Marybelle Hoernschemeyer (nee Groene), 97, died peacefully on February 16, 2023, surrounded by the love of her children. She enjoyed many uplifting visits from grandchildren and great-grandchildren prior to her passing.
Marybelle was born on February 12, 1926 in Cincinnati, Ohio to Charles and Stella Groene. She grew up in Cincinnati and graduated from Seton High School. She met her high school sweetheart in the spring of 1942, Robert James "Hunchy" Hoernschemeyer, and they married in 1947. After her husband, Bob, was drafted by the Detroit Lions in 1950 (#14) they moved to Grosse Pointe to raise their family. In 1965, Marybelle began working in sales at Kitty Kelly Bridal Salon, was promoted to buyer and ultimately general manager of the bridal chain.
Marybelle was a devout, faithful Catholic. She was a long-time parishioner of St. Paul on the Lake Catholic Church and also regularly attended Assumption Grotto Church in Detroit. She always sought to share the blessing of her faith which she loved and treasured.
She is survived by her son Robert Hoernschemeyer (Jennifer) and daughters Diane Foster (Christopher), Mary Towson and Sue Roosen (Richard). Her grandchildren: Bobby Hoernschemeyer (Janet), Breanne Harmsen (Daniel), Morgan Mathews (Megan), Martin Mathews (Lydia), Michael Mathews (Krista), Marc Mathews, Jo Ann Mathews, Christopher Towson (Holly), Catherine Towson, Christopher Roosen (Candice Hucke), John Roosen (Lorraine) and Paul Roosen (Frances). She is also survived by fourteen great-grandchildren and a brother Ray Groene (Bev).
She was pre-deceased by her dear husband and darling daughter Jo Ann, her parents, brothers Charles Groene (Marilyn) and Stan Groene (Mary Jo) and sister Ruth Bonfield (Skeets).
A private funeral mass will be held at St. Paul on the Lake Catholic Church with interment in Cincinnati, Ohio. In lieu of flowers, memorial contributions may be made to St. Jude Children's Research Hospital at www.stjude.org/donate or Masses said in her memory.
The family wants to extend their deep appreciation to the staff of Angela Hospice in Livonia for their compassionate and loving care.
I will forever love and miss my grandmother. Her love, selflessness, support and faith knew no bounds. It was no secret that if one of us ever needed help realizing something special or something out of our control, then Marybelle's prayers were the best way to get it done. While I made several more serious requests of her in this department over the year, I chuckle to think that I also have her to thank for the Cubs winning the 2016 world series (she's not even from Chicago, she just did it because it was important to me). I am probably one of her least religious grandchildren, but it is in her image that I have and continue to conduct myself in what I understand to be the true spirit of Christianity. She has been my compass and reference point with respect to the importance of family, of kindness to others, of charity and humility and loyalty. I never knew Hunchy, but it is because of her that I revere him. She honored his life and her daughter Jo's life in the way she comported herself everyday and in the light that she shined on all of us. She was a tremendous woman and the fact that she lived 97 wonderful years does little to quell the loss that I feel. She was beautiful inside and out. I will always think of her when I watch the lion's play or have a bloody mary or tend my garden. I am also including one of my favorite quotes here. It's from Ray Bradbury's F451, and it makes me think fondly of her, and it goes like this:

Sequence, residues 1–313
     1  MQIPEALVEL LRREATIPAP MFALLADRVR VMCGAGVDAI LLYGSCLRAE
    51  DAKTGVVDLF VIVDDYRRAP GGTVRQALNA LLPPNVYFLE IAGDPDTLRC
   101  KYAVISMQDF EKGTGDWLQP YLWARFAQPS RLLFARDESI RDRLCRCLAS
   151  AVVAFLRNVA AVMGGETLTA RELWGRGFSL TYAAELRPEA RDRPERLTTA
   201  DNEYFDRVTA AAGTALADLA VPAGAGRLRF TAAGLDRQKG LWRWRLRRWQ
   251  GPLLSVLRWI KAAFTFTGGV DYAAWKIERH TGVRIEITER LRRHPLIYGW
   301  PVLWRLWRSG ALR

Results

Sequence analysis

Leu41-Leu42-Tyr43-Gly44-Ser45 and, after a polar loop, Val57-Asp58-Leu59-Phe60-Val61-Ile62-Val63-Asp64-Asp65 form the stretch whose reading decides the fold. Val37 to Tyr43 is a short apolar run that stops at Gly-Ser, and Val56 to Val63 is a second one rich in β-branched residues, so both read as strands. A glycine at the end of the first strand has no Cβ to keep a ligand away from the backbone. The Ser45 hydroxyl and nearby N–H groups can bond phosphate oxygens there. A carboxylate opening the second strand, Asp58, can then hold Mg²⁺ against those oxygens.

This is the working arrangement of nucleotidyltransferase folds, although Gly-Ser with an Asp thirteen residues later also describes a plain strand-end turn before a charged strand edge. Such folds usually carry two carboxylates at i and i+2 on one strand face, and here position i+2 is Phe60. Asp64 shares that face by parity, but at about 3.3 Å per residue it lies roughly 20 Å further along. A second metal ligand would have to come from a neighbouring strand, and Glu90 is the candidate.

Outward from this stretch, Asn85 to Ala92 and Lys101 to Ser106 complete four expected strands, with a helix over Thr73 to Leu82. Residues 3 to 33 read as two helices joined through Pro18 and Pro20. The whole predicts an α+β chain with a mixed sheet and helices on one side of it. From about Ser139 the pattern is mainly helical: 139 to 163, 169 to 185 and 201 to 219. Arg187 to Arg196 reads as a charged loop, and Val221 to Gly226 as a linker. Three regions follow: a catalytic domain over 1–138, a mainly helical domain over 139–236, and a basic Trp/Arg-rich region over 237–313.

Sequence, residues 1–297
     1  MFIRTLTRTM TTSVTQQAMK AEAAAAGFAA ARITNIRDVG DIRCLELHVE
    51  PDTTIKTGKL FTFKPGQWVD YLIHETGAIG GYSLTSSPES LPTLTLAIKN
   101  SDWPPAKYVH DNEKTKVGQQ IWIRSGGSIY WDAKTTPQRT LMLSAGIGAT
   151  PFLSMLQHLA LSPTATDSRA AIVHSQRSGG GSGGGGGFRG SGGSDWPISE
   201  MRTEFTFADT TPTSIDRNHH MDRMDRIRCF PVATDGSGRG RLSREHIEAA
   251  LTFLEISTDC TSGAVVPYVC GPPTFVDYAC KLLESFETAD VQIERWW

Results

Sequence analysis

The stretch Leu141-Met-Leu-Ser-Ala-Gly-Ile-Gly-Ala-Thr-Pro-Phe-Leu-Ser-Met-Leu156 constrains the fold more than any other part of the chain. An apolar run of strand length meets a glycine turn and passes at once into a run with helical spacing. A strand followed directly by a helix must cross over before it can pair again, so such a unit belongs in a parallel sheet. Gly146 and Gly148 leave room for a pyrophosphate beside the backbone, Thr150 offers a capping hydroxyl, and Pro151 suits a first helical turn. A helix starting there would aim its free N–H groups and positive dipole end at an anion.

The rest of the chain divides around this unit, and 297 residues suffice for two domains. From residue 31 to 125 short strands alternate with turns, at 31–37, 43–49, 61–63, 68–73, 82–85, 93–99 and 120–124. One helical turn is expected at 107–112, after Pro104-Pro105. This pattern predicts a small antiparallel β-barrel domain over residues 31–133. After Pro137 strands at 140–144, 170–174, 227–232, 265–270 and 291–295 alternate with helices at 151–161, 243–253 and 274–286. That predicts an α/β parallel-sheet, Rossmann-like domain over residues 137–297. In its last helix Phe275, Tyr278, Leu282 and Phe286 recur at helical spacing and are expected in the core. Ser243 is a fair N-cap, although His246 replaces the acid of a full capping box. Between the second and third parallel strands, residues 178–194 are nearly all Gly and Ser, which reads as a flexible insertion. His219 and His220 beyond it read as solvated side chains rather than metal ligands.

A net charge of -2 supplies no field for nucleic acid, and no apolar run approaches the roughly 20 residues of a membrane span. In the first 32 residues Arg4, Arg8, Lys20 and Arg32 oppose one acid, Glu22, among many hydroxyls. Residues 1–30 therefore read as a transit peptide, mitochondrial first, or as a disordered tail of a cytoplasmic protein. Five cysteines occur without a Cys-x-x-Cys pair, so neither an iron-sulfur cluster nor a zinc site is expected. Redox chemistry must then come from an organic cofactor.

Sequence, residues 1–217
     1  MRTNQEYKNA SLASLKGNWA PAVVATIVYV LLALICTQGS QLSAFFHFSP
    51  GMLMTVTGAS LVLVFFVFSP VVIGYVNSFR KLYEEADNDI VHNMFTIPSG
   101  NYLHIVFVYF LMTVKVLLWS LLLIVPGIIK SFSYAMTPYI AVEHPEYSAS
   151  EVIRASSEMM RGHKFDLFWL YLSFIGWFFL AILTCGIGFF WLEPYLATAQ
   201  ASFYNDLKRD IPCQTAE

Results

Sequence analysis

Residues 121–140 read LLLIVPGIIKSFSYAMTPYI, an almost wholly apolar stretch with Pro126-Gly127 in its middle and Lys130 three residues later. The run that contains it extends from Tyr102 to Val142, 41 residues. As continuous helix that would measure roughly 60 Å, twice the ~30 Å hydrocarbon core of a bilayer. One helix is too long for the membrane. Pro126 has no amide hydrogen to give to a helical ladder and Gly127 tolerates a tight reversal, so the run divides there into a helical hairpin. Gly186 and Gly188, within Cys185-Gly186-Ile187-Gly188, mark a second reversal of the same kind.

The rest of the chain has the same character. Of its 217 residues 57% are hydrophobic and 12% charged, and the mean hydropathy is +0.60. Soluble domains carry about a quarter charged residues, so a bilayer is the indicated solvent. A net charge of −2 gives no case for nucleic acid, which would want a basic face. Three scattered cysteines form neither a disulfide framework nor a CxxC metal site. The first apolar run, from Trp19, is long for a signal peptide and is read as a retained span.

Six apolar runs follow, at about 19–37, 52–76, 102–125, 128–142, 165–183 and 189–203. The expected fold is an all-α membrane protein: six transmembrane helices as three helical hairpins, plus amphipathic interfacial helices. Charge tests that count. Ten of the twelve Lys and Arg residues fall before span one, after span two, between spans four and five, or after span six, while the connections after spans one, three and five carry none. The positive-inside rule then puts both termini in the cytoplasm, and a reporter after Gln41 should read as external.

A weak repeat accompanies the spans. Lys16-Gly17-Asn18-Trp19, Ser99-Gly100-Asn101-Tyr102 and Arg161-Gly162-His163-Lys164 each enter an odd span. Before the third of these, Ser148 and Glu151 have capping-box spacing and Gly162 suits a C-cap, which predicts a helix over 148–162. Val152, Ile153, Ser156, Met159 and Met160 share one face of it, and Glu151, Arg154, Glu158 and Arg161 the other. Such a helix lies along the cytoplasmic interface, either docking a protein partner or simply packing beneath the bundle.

“Everyone must leave something behind when he dies, my grandfather said. A child or a book or a painting or a house or a wall built or a pair of shoes made. Or a garden planted. Something your hand touched some way so your soul has somewhere to go when you die, and when people look at that tree or that flower you planted, you're there.
It doesn't matter what you do, he said, so long as you change something from the way it was before you touched it into something that's like you after you take your hands away. The difference between the man who just cuts lawns and a real gardener is in the touching, he said. The lawn-cutter might just as well not have been there at all; the gardener will be there a lifetime.”
Grandma, you will be with me forever. I love you.
I have wonderful memories of Aunt Marybelle from childhood when we lived in Cincinnati. I remember how vivacious, pretty and fun she was. I remember our visits when she and Uncle Bob lived in the duplex above Grandma and Grandpa and how she would watch and play with us in their back yard. I remember picnics and Thanksgiving meals together and how much our dad, Charlie, loved his baby sister.
Sending all the Hoernschemeyer family our condolences, prayers, and love,
Cousin Paula and Nizar
Didn't really know Marybelle well. But did know HUNCHY a long time ago when I worked at the "Lions Den' bar on Mack. It was always one of those jobs where you worked for a HERO of the sports world and never new how the same story was gonna be told. It was exciting and all those guys were always true gentlemen to me! He used to talk about Marybelle all the time, so I felt like I knew her. He was quite a HUNK! 💔
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